Economic

Impact

Salmon farming supports 7,000 jobs in coastal

communities and contributes about $1.5 billion

to the provincial economy annually.

Economic impact

Salmon farming supports 7,000 jobs in coastal communities and contributes about $1.5 billion to the provincial economy annually.

Local Benefits

Fish farming includes growing fish at hatcheries on-land, in the ocean, as well as processing harvested fish at several locations in the province. Though BC products are sold around the world, many benefits are realized locally.

Aquaculture has the most positive growth forecast in the Canadian agriculture sector and is expected to increase 4.2% per year – increasing the benefits to the province and to those of us who live here.

Local Benefits

Fish farming includes growing fish at hatcheries on-land, in the ocean, as well as processing harvested fish at several locations in the province. Though BC products are sold around the world, many benefits are realized locally.

Aquaculture has the most positive growth forecast in the Canadian agriculture sector and is expected to increase 4.2% per year – increasing the benefits to the province and to those of us who live here.

Employment

A key component of sustainability is the protection of wild salmon stocks. Science completed over the past 30 years tells us that responsibly farmed salmon and wild salmon can co-exist in the ocean. Through the collaborative Marine Environment Research Program (see details in the R&D section) BC salmon farmers have invested significant resources to better understand wild salmon populations and the marine environment.

There are approximately 7,000 total full-time equivalent (FTE) positions supported by the BC salmon farming industry, including direct employment (directly related to the production of farmed fish), indirect employment (related to the supply of goods and services) or induced employment effects (when the direct and indirect generated incomes are spent and re-spent in the broader economy). Employment is typically year-round and includes numerous benefits including a salary of approximately 30% more than the median employment income in the province.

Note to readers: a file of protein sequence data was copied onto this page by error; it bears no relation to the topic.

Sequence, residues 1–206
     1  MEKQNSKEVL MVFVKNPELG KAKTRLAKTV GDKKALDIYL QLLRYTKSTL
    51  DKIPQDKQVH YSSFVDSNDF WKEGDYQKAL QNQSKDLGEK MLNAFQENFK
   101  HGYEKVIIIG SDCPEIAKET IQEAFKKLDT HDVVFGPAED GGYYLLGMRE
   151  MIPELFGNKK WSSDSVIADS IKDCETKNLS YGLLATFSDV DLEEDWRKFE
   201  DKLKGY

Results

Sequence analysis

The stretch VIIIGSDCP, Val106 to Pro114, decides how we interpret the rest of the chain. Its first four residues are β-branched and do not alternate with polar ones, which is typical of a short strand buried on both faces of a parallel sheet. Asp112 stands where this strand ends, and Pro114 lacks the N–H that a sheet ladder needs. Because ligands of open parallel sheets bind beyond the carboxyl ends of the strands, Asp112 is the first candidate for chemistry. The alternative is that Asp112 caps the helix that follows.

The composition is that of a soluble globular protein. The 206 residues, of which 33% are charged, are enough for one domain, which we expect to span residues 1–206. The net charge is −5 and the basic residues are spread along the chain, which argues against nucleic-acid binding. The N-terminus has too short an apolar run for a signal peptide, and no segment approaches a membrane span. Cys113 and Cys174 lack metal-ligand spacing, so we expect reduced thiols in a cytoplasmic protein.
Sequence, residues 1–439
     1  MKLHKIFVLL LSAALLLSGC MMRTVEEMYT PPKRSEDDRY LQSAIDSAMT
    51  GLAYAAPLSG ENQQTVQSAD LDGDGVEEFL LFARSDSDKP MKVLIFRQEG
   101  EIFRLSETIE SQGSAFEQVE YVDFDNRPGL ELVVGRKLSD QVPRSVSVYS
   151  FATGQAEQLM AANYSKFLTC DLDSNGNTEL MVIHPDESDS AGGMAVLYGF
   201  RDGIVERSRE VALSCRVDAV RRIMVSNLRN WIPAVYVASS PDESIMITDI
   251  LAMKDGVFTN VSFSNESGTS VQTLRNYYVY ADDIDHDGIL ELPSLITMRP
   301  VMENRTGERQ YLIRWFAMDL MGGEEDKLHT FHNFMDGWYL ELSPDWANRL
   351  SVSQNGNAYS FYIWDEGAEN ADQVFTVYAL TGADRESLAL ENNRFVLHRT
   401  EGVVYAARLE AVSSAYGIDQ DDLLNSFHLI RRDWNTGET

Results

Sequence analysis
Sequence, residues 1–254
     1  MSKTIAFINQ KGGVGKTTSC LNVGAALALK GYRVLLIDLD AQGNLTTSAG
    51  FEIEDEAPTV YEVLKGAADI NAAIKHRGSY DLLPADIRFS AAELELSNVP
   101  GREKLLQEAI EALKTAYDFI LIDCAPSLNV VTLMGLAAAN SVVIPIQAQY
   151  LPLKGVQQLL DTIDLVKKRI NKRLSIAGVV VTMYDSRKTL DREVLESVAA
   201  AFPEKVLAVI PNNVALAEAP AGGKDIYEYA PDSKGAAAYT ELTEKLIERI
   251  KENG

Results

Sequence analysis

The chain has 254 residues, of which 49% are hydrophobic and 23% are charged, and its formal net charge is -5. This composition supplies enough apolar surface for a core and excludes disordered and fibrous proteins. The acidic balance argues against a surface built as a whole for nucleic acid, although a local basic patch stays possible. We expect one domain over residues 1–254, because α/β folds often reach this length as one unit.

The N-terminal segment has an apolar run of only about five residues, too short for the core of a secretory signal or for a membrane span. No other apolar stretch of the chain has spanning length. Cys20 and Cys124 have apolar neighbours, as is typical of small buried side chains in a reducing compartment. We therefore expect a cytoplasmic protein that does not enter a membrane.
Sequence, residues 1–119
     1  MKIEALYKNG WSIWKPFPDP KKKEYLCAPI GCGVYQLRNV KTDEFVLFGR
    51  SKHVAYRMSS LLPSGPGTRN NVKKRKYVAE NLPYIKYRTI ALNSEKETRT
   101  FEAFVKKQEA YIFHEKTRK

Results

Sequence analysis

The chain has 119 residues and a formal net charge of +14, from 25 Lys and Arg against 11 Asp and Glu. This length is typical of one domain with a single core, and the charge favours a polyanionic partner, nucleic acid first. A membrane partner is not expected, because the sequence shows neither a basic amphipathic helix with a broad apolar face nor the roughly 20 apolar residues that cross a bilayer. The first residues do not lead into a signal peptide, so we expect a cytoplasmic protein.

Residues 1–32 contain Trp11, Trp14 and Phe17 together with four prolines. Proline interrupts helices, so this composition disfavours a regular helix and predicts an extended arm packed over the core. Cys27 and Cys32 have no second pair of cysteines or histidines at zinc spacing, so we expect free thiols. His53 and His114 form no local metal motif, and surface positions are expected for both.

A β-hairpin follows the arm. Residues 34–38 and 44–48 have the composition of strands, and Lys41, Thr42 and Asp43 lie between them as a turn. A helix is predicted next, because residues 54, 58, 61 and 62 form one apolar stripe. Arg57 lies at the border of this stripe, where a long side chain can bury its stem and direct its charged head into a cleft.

Aquaculture has the youngest workforce of any agriculture sector in Canada. Young people are attracted to salmon farming as a stable career with good paying jobs and opportunities for advancement.

Employment

A key component of sustainability is the protection of wild salmon stocks. Science completed over the past 30 years tells us that responsibly farmed salmon and wild salmon can co-exist in the ocean. Through the collaborative Marine Environment Research Program (see details in the R&D section) BC salmon farmers have invested significant resources to better understand wild salmon populations and the marine environment.

There are approximately 7,000 total full-time equivalent (FTE) positions supported by the BC salmon farming industry, including direct employment (directly related to the production of farmed fish), indirect employment (related to the supply of goods and services) or induced employment effects (when the direct and indirect generated incomes are spent and re-spent in the broader economy). Employment is typically year-round and includes numerous benefits including a salary of approximately 30% more than the median employment income in the province.

Aquaculture has the youngest workforce of any agriculture sector in Canada. Young people are attracted to salmon farming as a stable career with good paying jobs and opportunities for advancement.

2019 Sustainability Report

2019 Technology Report

2019 Sustainability Report

2019 Technology Report